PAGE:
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Latest UMTRI Eco-Driving Index shows 14% reduction of emissions per driver of newly purchased vehicles in US in April 2011 compared to October 2007

Eco-Driving Index (EDI) and the two sub-indices (EDId and EDIf) for October 2007 through April 2011. Source: UMTRI. Click to enlarge.

The most recent (April 2011) value of the University of Michigan Transportation Research Institute (UMTRI) Eco-Driving Index (EDI) stands at 0.86, indicating that in April 2011 there was a 14% reduction of emissions per driver of newly purchased vehicles in the US compared to the situation in October 2007.

The April 2011 index values for the two primary contributing variables—fuel economy (EDIf) and distance driven (EDId)—stand at 0.88 and 0.98, respectively. In other words, the decrease in emissions comes despite only a slight reduction in vehicle kilometers traveled.

The EDI is designed to estimates the average monthly impact on the environment by an individual US driver who has purchased a new vehicle that month. Environmental impact (emissions of CO2 and of other gasses and particulates) when using internal-combustion engines depends on the amount of fuel used. The EDI estimates this amount by taking into account two primary variables: the fuel economy of the vehicle and the distance driven. The EDI is developed and updated by Michael Sivak and Brandon Schoettle.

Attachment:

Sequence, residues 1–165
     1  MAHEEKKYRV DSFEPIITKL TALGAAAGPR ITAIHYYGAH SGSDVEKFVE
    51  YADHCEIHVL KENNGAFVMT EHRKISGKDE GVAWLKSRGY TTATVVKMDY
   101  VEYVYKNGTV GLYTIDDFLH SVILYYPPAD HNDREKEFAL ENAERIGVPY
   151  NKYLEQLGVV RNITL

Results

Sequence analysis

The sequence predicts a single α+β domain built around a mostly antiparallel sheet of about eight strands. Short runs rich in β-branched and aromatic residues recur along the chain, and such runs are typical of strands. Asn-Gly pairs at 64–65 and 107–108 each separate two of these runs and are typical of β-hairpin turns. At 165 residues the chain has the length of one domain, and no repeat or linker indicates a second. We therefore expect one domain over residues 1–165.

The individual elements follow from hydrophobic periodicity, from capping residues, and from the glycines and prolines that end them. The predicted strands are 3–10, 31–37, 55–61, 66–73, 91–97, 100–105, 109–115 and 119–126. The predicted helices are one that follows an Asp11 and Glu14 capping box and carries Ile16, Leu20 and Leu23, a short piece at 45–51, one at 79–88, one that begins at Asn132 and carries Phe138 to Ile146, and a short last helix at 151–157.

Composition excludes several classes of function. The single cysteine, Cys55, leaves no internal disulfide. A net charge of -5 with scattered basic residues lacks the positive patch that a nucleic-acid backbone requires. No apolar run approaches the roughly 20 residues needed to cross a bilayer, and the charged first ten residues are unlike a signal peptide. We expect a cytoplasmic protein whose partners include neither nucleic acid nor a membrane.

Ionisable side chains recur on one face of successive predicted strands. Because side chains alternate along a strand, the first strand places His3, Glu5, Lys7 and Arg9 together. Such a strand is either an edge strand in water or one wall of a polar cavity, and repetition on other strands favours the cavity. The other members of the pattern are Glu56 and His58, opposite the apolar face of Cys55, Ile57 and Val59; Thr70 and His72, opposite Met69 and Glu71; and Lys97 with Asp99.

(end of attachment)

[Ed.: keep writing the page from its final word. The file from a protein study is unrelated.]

The index and the two sub-indices are computed monthly relative to their respective values in October 2007—the nominal start of the 2008 model year, the first model year for which the EPA started using the current fuel-economy rating system).

The EDI is computed by cross-multiplying EDIf and EDId. The lower the value of the EDI, the smaller the environmental impact.

EDIf is calculated as an inverse of the sales-weighted, average fuel economy of purchased new vehicles for each individual month. In turn, the average fuel economy (in mpg) is derived by Sivak and Schoettle from the monthly sales figures of individual models and the EPA fuel-economy ratings for the respective models.

EDId starts with the estimates of the total distance driven in the US for each month as issued by the Federal Highway Administration (FHWA). Sivak and Schoettle then adjust the raw distances to take into account (1) the seasonal variations in driving (in the US more driving is done in the summer than in the winter); (2) the varying number of days in a month; (3) the continuously increasing number of drivers,; and (4) the so-called rebound effect (increased amount of driving as a consequence of improved fuel economy of the new vehicle).

Future monthly values of the EDI will be issued with a lag of about 50 days (due to lags in the availability of the underlying data). The values for EDI, EDIf and EDId are available on the Eco-Driving Index (EDI) site.



We are slowly going in the right direction.

There are no secrets here:

Distance traveled (0.98) multiplied by consumption rate (0.88) equals total emissions (0.86).

Those are the two main factors affecting total emissions. They are still much too high.

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